So my experience would suggest that:

Fiction = do as much research as you need in order to get the scene written, but don’t let the research slow your flow.

Nonfiction = don’t write a word of your book, not even the introduction, until all your research is done.

Which do I prefer? Well, that’s really difficult. Writing fiction, there were times when I was happy that there was a gap in the records. When characters disappear from the pages of the chronicles, the author is at liberty to make up all sorts of stuff about them behind their backs. Gaps in the records don’t help the nonfiction author much though, leaving little choice but to say, ‘We simply don’t know.’

The reverse is also true: When we know for a fact that a person was in a certain place at a certain time, it makes piecing together the nonfiction story so much eWhitehead 1asier. But it’s very inconvenient if that person’s known and recorded presence gets in the way of a good fiction story arc. Then comes the difficult choice of removing them altogether or changing the dates. Either of those decisions might be frowned upon by readers.

My nonfiction book is a history of Mercia, and by the time I wrote it I’d written three novels all set in this ancient Anglo-Saxon kingdom and all written about characters who actually lived. In the course of my research, I discovered new (to me) evidence about some of these people, which I thought might be at odds with my original portrayals, but I found that I was able to keep my nonfiction, historian’s hat on throughout the writing process, and could separate my fictional characters from my factual subjects.

Until…

I’d come to an especially tricky period of Mercian history, where kings chopped and changed almost with the days of the week, and at a time when murder was still as good a way as any of removing ones’ political rivals.

In the early eighth century the royal dynasty which had retained power from the middle of the seventh century was on the wane. A successful king, Æthelred, son of the famous pagan king, Penda, had won supremacy over the powerful Northumbrian kings, and decided that his latter years would be better spent in contemplation, so he abdicated and retired to a monastery. He had a hand in choosing his successor and, though he had a son, Ceolred, he chose his nephew, Coenred, to take his place. The nephew reigned for a few years, to be succeeded by Æthelred’s son. It seems Æthelred was right not to pass the kingship immediately to this son, who turned out to be rather feckless and Ceolred seems to have been pretty much universally loathed. Some even think that he was poisoned.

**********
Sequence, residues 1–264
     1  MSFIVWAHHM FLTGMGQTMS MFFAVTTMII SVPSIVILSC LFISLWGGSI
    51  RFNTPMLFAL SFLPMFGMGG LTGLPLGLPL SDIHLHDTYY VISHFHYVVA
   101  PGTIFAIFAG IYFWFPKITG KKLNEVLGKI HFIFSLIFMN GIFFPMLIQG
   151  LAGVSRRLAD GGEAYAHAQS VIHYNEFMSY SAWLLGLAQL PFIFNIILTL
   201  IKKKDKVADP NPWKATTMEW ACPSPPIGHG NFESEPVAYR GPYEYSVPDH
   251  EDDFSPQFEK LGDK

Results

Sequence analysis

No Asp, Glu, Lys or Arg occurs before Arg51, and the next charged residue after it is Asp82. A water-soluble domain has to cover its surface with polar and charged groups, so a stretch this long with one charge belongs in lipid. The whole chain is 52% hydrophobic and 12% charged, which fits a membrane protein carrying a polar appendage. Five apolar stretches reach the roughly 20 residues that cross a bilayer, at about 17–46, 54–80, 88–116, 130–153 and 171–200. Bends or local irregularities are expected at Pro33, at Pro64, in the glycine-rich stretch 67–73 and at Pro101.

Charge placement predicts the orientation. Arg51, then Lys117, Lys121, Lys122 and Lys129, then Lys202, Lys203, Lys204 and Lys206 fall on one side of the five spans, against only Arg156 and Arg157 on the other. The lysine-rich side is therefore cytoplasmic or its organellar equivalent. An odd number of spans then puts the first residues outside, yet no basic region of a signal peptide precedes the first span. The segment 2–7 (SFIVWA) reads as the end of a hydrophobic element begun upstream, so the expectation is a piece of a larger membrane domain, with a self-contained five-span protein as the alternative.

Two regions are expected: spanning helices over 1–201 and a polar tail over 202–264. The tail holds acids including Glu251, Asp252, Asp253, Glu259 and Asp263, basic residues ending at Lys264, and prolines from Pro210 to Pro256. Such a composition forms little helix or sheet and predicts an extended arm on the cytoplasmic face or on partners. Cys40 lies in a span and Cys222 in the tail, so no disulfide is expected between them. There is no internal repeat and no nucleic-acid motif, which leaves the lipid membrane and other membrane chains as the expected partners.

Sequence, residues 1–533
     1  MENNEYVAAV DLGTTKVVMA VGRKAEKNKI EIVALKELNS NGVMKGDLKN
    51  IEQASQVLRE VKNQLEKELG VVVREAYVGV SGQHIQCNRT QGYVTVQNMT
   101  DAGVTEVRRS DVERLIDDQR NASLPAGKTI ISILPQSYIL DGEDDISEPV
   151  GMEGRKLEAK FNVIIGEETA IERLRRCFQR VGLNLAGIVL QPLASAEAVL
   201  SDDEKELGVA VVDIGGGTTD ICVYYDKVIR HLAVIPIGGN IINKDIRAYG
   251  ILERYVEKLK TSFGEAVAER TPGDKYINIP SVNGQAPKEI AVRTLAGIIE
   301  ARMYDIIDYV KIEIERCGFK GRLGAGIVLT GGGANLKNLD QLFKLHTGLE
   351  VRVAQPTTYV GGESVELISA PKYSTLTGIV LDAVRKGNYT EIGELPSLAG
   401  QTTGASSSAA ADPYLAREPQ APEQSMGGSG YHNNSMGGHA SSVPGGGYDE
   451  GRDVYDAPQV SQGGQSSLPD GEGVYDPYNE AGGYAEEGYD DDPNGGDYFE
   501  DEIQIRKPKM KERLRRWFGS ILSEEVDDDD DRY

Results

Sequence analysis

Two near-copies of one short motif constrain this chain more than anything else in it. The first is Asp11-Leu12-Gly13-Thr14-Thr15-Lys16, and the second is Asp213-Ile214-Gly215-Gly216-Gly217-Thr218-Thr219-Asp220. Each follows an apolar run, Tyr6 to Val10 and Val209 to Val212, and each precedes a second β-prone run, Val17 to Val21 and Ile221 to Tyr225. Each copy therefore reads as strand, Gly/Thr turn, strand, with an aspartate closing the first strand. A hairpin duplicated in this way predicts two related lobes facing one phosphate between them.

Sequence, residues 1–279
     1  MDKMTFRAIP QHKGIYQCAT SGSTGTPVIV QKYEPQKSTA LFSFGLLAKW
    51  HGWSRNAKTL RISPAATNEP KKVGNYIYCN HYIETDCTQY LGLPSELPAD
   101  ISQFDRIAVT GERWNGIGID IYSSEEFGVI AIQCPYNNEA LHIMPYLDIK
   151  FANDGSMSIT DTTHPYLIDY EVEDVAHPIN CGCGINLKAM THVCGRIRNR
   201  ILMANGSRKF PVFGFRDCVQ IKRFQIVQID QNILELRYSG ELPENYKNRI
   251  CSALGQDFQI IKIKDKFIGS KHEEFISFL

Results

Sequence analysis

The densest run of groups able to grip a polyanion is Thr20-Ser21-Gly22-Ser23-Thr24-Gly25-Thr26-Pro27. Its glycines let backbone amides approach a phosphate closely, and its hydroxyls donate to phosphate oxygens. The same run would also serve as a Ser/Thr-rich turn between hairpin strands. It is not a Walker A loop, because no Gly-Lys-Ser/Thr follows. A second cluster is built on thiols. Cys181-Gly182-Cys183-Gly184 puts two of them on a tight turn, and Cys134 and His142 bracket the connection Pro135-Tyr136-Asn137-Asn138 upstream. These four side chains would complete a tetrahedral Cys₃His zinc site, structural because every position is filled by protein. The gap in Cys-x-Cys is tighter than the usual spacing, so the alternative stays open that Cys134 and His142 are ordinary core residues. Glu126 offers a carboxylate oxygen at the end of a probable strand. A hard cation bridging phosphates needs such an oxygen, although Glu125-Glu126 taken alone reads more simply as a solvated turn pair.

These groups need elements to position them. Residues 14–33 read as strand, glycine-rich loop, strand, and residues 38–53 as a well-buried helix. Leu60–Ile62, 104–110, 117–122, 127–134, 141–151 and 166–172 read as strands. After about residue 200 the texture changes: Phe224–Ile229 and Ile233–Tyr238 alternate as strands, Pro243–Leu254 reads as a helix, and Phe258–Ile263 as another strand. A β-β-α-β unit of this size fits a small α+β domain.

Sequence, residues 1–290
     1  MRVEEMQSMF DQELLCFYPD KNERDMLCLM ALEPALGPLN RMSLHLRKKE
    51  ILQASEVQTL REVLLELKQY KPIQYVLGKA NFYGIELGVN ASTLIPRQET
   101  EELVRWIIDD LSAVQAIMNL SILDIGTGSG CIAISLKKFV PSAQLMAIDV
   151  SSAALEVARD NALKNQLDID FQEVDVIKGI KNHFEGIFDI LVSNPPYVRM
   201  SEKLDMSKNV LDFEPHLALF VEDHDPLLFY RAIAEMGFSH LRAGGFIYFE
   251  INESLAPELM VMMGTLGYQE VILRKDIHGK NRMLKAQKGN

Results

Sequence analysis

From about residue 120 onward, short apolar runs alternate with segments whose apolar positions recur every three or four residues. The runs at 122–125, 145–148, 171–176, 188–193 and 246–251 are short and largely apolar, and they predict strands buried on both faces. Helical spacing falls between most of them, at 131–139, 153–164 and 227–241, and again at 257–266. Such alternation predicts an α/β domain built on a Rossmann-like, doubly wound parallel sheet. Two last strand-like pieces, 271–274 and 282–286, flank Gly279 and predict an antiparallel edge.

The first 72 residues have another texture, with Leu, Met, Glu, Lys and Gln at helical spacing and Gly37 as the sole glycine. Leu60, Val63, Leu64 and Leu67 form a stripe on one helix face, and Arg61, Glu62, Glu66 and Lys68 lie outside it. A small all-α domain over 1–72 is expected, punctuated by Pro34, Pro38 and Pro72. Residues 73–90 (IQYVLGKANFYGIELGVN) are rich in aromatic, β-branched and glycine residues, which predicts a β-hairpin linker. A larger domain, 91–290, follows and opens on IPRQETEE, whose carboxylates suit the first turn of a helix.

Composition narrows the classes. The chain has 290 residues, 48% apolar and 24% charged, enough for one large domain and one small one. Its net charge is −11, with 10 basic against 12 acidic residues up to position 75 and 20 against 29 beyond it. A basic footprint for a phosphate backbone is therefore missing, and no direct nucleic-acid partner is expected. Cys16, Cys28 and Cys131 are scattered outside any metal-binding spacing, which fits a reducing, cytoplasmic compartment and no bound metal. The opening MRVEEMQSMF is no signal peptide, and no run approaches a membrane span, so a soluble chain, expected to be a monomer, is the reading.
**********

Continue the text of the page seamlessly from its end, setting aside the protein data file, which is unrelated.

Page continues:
The official history then declares that the crown passed to Æthelbald, who was no direct relation of the previous kings and reigned successfully for the best part of half a century.

Except…

Whitehead DSCF4260There is one – just one – mention of another ‘C’ king, by the name of Ceolwald. Was he another son of Æthelred’s? If not, where did he come from? What happened to him? Whoever he was, his reign, according to this particular list, was sandwiched between that of Ceolred and Æthelbald.

Ceolred died in 716, and Æthelbald succeeded in 716. So where did Ceolwald fit in? If he had indeed been related to the ‘C’ kings, and if indeed he became king, then he surely didn’t reign for very long and this hints at some kind of palace coup. And for the historian, that’s it. That’s all we can say about him, unless we follow the example of one eminent historian who simply declared that the one and only source which mentioned him had ‘simply got it wrong.’

But oh, how the novelist part of my brain was whirring! Of course, if he were to be included in the plot of a novel, he’d have to be introduced so much earlier.  Was he the brother of the feckless king? Was it he who administered the poison? How did he then get bumped off? I got quite giddy with the possibilities and, who knows, he might just make an appearance if I write a third novel in my series about Penda and his family.

Research is never wasted. Whether it involves the chasing down of every charter issued by a certain king or finding out when the fork was first used at English dining tables, it all adds to the files. For nonfiction, we can try to pin down every known detail, which is extremely satisfying, and for fiction we can base chapters and chapters on one single record. Both are equally rewarding.

Photograph above is Annie’s own, the Repton Stone, said to depict King Æthelbald.
Find Annie on the links below:
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Blog

Author update Summer 2018